At 13.9mm thick and weighing in at only 1.12kg, it’s easy to lug around with one hand. However, you’ll probably want to don a pair of gloves before getting too close – the glossy lid attracts a lot of fingerprints.

With its slender design, one might expect a limited number of ports – but that’s anything but the truth. Asus has squeezed in two USB 3.0 Type-A ports, one USB 3.1 Type-C (Gen 2), HDMI, microSD and a 3.5mm jack. Unlike the Dell XPS 13, Huawei Matebook X Pro, HP Spectre 13 and Apple’s 13.3in MacBook Pro, there’s nothing missing. And as for wireless connectivity, there’s dual-band 802.11ac Wi-Fi (2×2) and Bluetooth 4.2. Bravo, Asus.

The party doesn’t stop there, though. There’s a blisteringly quick fingerprint sensor at the bottom right-hand corner of the keyboard for fast sign-in, which is aided by the integration of Windows Hello. Oh, and there’s a webcam, too.

Last but by no means least, there are a set of Harman Kardon-tuned stereo speakers that are located underneath the laptop, on either side of the trackpad. I found that setting the laptop to ‘Music’ mode through the pre-installed AudioWizard app resulted in the best audio quality. The speakers are loud enough for a small room and sound surprisingly accurate, too. They can’t eclipse the quad-speaker design of the Huawei MateBook X Pro, but the Asus is still far better than many of its peers.

Asus ZenBook 13 (2018) UX331UN review: Keyboard and keypad

The ZenBook 13’s trackpad is superb. The palm rejection works flawlessly, and I liked the fact that you can left-click anywhere on the pad – except, of course, the designated right-click area at the bottom right-hand side.

The keyboard is similarly refined. It’s fully backlit with white LEDs, and as the keys have 1.4mm of travel, there’s plenty of feel and feedback – you can touch type on the laptop quickly and efficiently, and with a minimum of noise.

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Asus ZenBook 13 (2018) UX331UN review: Display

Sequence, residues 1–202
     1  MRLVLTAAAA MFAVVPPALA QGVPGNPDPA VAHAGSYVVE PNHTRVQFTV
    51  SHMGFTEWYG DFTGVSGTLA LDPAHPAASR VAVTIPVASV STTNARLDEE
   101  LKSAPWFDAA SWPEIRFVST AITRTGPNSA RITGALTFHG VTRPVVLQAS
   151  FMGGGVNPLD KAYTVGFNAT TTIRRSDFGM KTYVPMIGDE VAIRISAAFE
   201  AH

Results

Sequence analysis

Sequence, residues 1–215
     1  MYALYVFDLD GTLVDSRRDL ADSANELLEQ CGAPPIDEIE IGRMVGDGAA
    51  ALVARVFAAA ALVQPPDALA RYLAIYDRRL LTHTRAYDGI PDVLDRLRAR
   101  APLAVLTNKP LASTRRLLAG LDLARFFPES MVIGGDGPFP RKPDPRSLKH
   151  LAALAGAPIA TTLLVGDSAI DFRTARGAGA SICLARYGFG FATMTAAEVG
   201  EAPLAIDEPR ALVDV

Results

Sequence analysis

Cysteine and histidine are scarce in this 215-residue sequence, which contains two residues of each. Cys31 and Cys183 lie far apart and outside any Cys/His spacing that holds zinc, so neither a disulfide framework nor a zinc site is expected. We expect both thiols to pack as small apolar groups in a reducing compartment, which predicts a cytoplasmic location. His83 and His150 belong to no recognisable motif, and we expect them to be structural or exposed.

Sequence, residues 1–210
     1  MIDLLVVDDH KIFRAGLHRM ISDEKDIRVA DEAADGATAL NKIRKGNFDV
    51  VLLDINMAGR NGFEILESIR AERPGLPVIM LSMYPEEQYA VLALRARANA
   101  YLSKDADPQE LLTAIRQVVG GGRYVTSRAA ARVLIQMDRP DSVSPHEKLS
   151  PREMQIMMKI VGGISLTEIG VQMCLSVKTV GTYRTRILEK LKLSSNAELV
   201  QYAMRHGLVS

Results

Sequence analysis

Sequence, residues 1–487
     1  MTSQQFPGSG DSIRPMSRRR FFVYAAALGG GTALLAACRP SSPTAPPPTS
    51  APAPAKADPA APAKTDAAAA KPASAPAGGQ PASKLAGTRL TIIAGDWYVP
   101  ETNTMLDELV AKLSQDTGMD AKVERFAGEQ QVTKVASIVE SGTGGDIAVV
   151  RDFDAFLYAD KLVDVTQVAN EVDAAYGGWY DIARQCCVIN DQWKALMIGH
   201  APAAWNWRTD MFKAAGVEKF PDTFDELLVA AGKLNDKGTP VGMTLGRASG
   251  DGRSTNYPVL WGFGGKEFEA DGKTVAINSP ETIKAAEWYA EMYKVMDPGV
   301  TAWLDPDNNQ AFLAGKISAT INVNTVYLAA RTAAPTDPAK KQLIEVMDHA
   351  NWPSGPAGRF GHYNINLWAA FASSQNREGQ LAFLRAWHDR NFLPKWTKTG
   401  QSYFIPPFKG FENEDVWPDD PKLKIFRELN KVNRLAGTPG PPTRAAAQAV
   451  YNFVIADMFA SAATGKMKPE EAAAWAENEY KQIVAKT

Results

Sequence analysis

The laptop has a 13.3in Full HD matte display with a 16:9 aspect ratio. The ultra-thin 6.86mm bezels make sure that the display takes centre stage, too.

It all looks good on paper, but when tested with the i1 DisplayPro calibrator, its IPS panel was somewhat of a letdown. The panel only covers 84.5% of the sRGB colour spectrum, which by comparison to all its rivals that achieve between 90-96.2%, means colours look a bit dull.

Colour accuracy isn’t great either, with an average Delta E of 3.64 and maximum of 9.85 (lower is better), it’s not the most colour-accurate laptop I’ve tested. It’s miles behind the Huawei MateBook X Pro’s Delta E figures of 1.27 and 2.53, and also inferior to the Dell XPS 13 (2018) that achieved 2.49 and 7.95 in the same test.

Arguably its biggest shortcoming is brightness. With a peak brightness of only 314cd/m², it’s quite dim, especially under bright ambient light conditions. Here, the XPS 13 manages 454cd/m² and the Matebook X Pro a staggering 488cd/m².

There are no such issues with contrast, with the Asus’ panel delivering a ratio of 1117:1. However, even here it lags behind its rivals from Huawei and Dell, both of which achieve contrast ratios of over 1500:1.